|Goodell Says Players Who Have Performed
On NFL Level Should Be Compensated
NFL Commissioner Roger Goodell Saturday appeared on NFL Network and said the current system of signing rookie players "has been skewed," and it is "not only having financial ramifications to clubs, it's having competitive ramifications." Goodell said he believes NFLPA Exec Dir DeMaurice Smith and the players "want the money to go to proven veterans and people that are in the NFL rather than people that may be out of the NFL because they didn't pan out." But Smith said, "The owners sign the checks, our players don't. ... Our players know the work that goes into making a decision on how much to pay. That's not a decision that lies on the players and they know that. So, in respect to a rookie (salary) cap, I am very happy with the scenario that we have now" (NFL Network, 4/25
). Goodell Friday met with the APSE and said of a potential rookie salary cap, "It is getting to the point where the risk is so great by having that high draft choice that if you make a mistake, the impact can be so great that [it] can set you back from a competitive standpoint. ... We want the players who have performed on the NFL level to be compensated" (SPORTINGNEWS.com, 4/25
). More Goodell: "It’s not that I’m opposed to the rookies getting money, I think that’s great. But I think the veterans that have proven themselves on the NFL level deserve the bulk of the compensation. When a player is drafted and doesn’t make it and he takes that money out of the system, that’s a disadvantage to the other players in the league" ("Mike & Mike in the Morning," ESPN2, 4/24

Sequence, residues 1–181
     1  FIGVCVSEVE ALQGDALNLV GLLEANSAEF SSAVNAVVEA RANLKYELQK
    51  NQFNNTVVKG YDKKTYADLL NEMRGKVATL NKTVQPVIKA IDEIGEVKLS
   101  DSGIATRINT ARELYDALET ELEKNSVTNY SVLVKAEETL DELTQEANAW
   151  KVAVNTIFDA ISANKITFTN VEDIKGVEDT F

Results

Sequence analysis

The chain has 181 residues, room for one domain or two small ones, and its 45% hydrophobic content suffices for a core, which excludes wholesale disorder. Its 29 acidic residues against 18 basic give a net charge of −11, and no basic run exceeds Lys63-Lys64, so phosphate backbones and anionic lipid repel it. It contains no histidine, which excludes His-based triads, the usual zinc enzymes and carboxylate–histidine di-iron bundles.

). YAHOO SPORTS' Dan Wetzel wrote Goodell "needs to take a look at how the NBA's rookie salary scale impacted that league before he charges down the same route." After the NBA in '98 instituted the salary scale, there was "no longer a financial incentive for players to remain in college and improve their draft status." Goodell is "playing politics here and playing it well," as there "isn't much public patience with massive contracts handed out to fresh-faced college guys" (SPORTS.YAHOO.com, 4/24
EXHIBIT A: The Lions Friday agreed to terms with QB Matthew Stafford on a six-year, $78M deal, including $41.7M guaranteed, and in N.Y., Gary Myers wrote Stafford "represents all that is wrong with the league's system of paying rookies." Stafford already has "set a record for most guaranteed money in NFL history, breaking the previous record" of $41M set in February by Redskins DT Albert Haynesworth. When Stafford can sign such a deal, there are "obviously no financial constraints in place that are working," and it is "clear the rookie money has gotten completely out of control and is hurting the ability of bad teams to improve" (N.Y. DAILY NEWS, 4/26). SI.com's Peter King wrote, "I simply don't understand why, in this era when teams and the league complain constantly about the size of rookie contracts and guarantees, that the Lions paid Stafford 16[%] more in annual guarantees than last year's top pick." Stafford's contract is "sure to rekindle the debate -- and it should -- over the whole issue of paying rookies stupid sums they haven't earned" (SI.com, 4/25). Detroit Free Press columnist Mitch Albom: “It’s insane to pay this much money to guys who have not played in the NFL yet” ("The Sports Reporters," ESPN, 4/26). In Detroit, Nicholas Cotsonika wrote of the rookie salary escalation, "It's got to stop. And you know the NFL is going to push hard for a sane rookie wage scale in labor negotiations" (DETROIT FREE PRESS, 4/25). In Toronto, Rob Longley wrote Stafford's deal "will make owners around the league cringe and surely will be the impetus for change when negotiations get cooking for the next" CBA (TORONTO SUN, 4/26).